There’s something reassuring about having a trusty external hard drive at your side. With no ongoing subscription fees or lack of permanence afforded by cloud storage, an external HD is an ideal digital accomplice for backing up work, storing photos and video, and it can prolong the life of a laptop. But what should you be looking for?
- When it comes to storage size, it can be tempting for the budget conscious to opt for a smaller, less expensive hard drive. But go big. A good rule of thumb is to consider what you think you need and then double it.
- Think portability. If you intend to regularly take the hard drive mobile, a large-capacity USB flash drive might be a more suitable option.
- External drives come as HDDs and SSDs. In short, HDDs are cheaper but slower than SSDs, so this could be an issue if you intend to transfer files back and forth between devices. HDDs feature moving parts and thus are more susceptible to damage.
- Ensure that the hard drive you purchase is compatible with the operating system you use.
- Encryption is a sensible idea if you’re prone to leaving stuff on the bus or train. Some external drives offer password protection to prevent undesired access.
WD Elements Desktop 12TB External Hard Drive
For the home worker, the reliable Elements desktop drive comes with a massive 12TB of storage, USB 3.0 for new devices, and 2.0 for backward compatibility. Formatted for PC, it can be reformatted for Mac.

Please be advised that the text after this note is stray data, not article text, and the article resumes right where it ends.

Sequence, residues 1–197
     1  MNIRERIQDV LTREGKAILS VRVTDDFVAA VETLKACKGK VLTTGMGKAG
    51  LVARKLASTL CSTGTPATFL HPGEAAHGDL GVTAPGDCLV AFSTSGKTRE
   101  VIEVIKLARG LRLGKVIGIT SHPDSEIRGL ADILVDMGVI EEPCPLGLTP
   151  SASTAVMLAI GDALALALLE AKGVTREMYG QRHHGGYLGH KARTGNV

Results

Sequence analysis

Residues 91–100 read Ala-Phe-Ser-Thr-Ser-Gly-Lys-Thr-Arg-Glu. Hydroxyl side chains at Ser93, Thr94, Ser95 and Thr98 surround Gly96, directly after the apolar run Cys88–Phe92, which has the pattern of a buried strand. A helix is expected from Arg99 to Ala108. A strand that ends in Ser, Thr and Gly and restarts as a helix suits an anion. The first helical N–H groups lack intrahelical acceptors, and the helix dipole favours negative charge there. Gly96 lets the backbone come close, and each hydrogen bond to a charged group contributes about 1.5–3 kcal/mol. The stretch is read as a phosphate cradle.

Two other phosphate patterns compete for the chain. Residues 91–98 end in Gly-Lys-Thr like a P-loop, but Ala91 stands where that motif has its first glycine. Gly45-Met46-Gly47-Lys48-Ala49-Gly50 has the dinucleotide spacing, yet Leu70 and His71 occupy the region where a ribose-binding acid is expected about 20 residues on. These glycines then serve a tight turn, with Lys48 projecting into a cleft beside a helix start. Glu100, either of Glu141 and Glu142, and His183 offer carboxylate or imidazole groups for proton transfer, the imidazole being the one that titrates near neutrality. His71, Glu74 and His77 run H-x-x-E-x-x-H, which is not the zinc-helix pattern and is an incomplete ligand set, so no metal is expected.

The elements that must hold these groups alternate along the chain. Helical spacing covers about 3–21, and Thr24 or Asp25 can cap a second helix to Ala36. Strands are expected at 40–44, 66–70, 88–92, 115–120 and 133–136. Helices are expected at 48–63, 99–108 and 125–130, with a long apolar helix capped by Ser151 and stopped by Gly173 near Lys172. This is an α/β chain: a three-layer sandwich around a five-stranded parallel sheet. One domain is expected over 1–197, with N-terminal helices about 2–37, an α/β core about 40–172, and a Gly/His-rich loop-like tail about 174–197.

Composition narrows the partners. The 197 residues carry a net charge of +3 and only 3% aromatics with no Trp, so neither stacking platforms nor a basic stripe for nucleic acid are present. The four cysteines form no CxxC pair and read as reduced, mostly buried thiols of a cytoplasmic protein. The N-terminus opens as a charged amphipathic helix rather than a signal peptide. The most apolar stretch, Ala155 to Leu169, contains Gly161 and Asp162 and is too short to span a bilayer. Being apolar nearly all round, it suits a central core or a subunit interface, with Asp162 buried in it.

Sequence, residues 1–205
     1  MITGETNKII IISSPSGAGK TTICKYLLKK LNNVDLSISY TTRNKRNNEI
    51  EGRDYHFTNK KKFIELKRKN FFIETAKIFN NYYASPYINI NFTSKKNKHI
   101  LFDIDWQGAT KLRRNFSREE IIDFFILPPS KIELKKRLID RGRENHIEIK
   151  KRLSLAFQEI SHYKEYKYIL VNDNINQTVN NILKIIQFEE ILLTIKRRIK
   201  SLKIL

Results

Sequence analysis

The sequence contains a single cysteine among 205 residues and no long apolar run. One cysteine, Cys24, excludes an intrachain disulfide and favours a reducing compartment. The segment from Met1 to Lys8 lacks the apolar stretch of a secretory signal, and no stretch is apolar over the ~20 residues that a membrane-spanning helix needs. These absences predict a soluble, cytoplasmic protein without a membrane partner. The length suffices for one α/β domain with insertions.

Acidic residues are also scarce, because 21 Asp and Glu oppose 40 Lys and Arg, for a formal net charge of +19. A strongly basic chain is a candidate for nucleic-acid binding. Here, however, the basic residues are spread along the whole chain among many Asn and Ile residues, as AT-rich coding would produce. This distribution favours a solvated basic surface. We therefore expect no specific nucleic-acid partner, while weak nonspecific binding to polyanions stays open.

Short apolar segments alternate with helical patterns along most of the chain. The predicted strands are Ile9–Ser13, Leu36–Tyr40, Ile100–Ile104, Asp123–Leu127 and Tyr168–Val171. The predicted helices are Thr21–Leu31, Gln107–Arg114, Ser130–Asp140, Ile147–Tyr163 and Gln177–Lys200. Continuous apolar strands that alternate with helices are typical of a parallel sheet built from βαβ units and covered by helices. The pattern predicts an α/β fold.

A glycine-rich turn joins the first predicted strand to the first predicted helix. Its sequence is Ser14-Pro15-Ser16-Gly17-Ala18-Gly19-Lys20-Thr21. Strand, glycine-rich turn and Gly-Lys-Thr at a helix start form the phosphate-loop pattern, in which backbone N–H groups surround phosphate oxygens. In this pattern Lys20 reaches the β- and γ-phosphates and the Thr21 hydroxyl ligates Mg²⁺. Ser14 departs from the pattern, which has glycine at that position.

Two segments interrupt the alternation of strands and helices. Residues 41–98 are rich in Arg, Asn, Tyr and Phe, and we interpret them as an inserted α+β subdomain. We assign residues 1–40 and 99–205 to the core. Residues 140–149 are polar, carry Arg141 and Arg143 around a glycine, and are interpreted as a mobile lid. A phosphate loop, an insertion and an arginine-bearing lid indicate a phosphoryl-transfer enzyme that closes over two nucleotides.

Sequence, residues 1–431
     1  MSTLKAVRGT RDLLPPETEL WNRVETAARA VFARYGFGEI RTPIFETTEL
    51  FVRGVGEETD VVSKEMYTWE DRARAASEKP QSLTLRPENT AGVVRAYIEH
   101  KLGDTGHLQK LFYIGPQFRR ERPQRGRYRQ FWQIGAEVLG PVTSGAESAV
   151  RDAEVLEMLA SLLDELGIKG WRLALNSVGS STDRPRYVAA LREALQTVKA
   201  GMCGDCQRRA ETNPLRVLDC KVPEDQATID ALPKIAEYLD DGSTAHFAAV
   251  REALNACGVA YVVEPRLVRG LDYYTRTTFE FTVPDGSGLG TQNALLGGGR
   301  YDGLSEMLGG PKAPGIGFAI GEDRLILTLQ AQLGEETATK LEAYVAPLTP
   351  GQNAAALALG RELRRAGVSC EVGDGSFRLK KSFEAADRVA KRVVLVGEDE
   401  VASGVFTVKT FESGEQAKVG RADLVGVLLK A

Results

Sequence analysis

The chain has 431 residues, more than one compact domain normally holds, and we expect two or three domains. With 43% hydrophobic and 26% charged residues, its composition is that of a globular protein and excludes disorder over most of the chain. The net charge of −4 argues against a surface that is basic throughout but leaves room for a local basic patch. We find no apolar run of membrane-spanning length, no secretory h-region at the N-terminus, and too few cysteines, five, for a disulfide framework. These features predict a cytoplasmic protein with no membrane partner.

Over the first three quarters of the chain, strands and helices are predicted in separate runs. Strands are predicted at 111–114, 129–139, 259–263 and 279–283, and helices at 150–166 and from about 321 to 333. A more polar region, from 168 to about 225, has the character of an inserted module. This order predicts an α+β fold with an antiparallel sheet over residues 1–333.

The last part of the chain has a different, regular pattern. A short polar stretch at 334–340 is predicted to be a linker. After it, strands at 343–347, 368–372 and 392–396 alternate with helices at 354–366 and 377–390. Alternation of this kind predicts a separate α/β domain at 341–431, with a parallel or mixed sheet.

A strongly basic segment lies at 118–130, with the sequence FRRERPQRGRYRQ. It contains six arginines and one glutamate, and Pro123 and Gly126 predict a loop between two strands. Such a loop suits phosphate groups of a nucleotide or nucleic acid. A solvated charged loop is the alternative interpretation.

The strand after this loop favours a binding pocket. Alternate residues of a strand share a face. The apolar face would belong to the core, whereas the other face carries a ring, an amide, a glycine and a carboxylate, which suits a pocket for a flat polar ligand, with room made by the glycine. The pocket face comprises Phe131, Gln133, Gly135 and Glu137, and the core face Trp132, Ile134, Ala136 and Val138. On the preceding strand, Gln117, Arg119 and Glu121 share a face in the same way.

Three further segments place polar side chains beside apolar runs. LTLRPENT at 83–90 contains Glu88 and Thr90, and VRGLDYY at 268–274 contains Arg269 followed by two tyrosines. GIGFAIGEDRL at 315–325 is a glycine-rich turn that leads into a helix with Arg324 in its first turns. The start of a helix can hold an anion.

One Touch Portable HDD
Compatible with PC and Mac straight out of the box, this portable 5TB drive backs up with a single touch or can be scheduled to back up automatically.
LaCie Rugged Portable
The Bear Grylls of hard drives, this 1TB SSD unit is designed to withstand a sudden downpour of rain or a fall from the hand. It features encryption and can be used for both PC and Mac.
For mobile operators who predominantly use laptops for work, a docking station is a vital addition to the home office environment. An interface that provides the flexibility and convenience of a desktop, a docking station means you don’t have to keep plugging in and unplugging peripherals. It connects via Thunderbolt 3, Thunderbolt 4, USB-C, or USB-A and powers your complete set-up.
Think of a USB hub as a power block for your computer. With minimal ports on contemporary devices, connecting a USB hub expands the number of ports available to your computer.